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Call Recording In The Age Of Work-From-Home

Call Recording In The Age Of Work-From-Home

These days, more and more businesses are turning to remote or work-from-home options for their support employees. Even before Covid-19 caused many industries to rethink their in-office attendance policies, the push had already begun to extend the office into the home workspace.

As a result, more and more businesses these days choose to use call recording for voice-over-IP (VoIP) interactions and remote phone calls. If you’ve been on the fence about making the switch, it’s good to know you can source Nice call recording solutions today from suppliers like Market Communications to start taking advantage of this technology.

Recording phone calls has been standard practice in some industries for decades. Customer service, tech support and other phone-based support services have used call recording as a means of ensuring a consistent customer experience. As well, many industries have utilized call recording as a training tool to record and playback examples of interactions. As more business and customer contact has transitioned to the digital sphere, it’s important to evaluate your options to keep up with the pace of customer demands.

How is Remote Call Recording Different?

Remote call recording functions are much like call recording in an office or call center setting. Using solutions like Nice software combined with Nice VoIP call recording solutions, you can record calls that are made over the Internet as they are routed to an agent’s home workspace.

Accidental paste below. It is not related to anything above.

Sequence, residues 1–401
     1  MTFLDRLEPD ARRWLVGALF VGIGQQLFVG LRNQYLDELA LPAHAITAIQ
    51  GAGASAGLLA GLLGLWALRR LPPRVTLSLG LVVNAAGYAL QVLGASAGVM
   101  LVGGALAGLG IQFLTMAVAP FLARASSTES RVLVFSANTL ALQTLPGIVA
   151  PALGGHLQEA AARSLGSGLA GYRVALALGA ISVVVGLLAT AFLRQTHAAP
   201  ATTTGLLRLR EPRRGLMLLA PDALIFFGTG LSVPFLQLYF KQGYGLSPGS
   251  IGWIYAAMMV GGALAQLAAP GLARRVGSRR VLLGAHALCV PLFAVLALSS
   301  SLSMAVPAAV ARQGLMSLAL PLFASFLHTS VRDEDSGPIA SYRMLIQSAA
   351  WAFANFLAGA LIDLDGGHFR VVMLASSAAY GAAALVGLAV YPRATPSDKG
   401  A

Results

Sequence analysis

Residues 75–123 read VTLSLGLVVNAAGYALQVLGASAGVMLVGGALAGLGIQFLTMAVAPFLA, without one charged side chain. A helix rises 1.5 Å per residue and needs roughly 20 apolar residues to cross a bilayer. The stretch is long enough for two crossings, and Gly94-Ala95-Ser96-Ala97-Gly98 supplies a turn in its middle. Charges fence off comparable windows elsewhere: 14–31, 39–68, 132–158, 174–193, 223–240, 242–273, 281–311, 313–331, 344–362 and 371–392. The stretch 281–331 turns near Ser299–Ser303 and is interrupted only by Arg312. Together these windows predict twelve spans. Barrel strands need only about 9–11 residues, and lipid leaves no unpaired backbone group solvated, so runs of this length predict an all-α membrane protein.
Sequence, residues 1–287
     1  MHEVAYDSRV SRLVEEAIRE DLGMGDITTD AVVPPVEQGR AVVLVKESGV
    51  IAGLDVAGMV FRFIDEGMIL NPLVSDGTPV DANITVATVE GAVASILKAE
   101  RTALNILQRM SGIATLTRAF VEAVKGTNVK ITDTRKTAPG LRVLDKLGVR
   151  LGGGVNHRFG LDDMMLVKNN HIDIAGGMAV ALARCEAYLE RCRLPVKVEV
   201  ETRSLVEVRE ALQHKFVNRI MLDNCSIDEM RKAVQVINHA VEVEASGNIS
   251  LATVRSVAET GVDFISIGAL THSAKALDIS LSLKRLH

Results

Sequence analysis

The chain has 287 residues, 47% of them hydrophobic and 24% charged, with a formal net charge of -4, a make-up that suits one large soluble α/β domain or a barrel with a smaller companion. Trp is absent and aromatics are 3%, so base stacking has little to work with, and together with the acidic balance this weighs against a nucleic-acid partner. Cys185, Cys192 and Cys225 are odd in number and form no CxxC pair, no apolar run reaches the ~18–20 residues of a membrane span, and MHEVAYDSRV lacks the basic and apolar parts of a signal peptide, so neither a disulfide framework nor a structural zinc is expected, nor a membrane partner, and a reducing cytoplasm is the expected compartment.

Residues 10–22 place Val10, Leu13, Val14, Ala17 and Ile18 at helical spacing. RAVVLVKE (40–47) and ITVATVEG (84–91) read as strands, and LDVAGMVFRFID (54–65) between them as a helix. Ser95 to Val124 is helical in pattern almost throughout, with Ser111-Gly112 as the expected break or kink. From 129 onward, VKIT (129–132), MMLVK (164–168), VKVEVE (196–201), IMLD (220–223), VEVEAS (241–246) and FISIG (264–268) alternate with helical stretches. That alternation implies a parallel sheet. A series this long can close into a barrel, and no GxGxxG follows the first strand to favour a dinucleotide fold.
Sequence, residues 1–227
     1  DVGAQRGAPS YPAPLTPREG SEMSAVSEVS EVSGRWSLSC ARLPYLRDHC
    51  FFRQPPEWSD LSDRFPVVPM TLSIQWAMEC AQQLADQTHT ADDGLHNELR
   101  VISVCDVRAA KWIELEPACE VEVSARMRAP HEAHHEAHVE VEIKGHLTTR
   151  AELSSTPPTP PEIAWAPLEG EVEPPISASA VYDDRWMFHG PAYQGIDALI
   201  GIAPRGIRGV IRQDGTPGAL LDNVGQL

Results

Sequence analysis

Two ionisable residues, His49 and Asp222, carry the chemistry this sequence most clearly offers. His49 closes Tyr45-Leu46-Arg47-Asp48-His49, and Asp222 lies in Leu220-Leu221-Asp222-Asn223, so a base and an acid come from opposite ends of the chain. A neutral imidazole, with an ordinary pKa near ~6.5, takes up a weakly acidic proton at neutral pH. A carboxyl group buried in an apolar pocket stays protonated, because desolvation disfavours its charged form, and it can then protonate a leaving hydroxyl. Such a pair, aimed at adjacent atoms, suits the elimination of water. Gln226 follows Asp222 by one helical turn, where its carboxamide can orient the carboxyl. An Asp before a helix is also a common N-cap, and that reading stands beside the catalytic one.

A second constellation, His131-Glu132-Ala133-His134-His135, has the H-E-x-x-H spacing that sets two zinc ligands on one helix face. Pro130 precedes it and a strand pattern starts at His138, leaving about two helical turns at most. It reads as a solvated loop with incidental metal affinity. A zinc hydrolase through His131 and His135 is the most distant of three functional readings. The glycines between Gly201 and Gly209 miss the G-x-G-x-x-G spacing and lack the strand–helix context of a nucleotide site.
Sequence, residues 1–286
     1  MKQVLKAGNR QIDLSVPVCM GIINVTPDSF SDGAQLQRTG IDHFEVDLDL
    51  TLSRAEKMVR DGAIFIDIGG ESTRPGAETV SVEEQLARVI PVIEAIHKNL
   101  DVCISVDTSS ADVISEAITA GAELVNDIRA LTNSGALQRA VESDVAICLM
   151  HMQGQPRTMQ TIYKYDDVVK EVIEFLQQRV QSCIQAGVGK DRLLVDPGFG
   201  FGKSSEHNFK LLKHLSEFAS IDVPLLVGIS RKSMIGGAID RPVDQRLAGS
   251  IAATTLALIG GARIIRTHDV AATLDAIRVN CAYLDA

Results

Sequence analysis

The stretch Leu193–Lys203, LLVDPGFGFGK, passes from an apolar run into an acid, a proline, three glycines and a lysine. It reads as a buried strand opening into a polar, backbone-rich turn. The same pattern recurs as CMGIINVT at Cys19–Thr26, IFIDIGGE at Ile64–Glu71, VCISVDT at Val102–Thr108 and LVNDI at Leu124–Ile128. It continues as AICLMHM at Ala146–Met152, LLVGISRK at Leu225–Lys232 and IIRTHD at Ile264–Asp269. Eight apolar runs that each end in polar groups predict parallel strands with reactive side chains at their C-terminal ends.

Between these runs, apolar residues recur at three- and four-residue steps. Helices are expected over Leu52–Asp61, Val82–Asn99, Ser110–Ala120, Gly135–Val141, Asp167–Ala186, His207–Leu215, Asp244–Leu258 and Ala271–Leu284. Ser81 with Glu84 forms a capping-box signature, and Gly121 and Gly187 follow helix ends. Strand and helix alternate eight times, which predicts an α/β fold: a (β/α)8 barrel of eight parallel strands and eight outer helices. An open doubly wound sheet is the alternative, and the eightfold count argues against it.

Calls can be recorded and archived for later review, and NICE VoIP call recording software allows you to timestamp areas of interest in calls to recall at a later date. This is particularly helpful if you field calls in a regulated industry like finance that requires calls to be archived for years and requires timestamping.

It’s also worth noting that calls may come in at different times and intervals when they are sent to or made from a remote workstation. This will largely depend on how you have your calls routed, but you’ll want to factor this into any call recording system you have in place. The ability to capture calls at the moment they come in or go out as opposed to just letting a recording run constantly can save valuable hard drive space and processing power.

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Legal Challenges When Using Remote Call Recording

It’s important to remember that your legal obligations don’t change when recording calls remotely, and in fact, they may become more complicated. Even if you’re using NICE call recording solutions to record and archive calls according to regulations, you still need to be sure you’re adhering to state laws. The issue becomes a bit fuzzy when you record calls remotely because you may be in a different state than the agent you’re recording, and the agent may be in a different state than the person they are speaking with.

Some states only require one party to give consent to call recording. Others require all parties to give consent. To be on the safe side, it’s almost always better to simply provide a disclaimer before a call is connected letting everyone know that the call is being recorded or is subject to recording. You may choose to explain that you’re recording the call for quality assurance or training purposes, but as long as you’re letting everyone know that the call is being recorded, you’re providing the option to give consent or not.

Note: The above is not a substitute for legal advice and is presented for informational purposes only. If you have questions or concerns regarding your legal obligations as they relate to call recording, contact your attorney.

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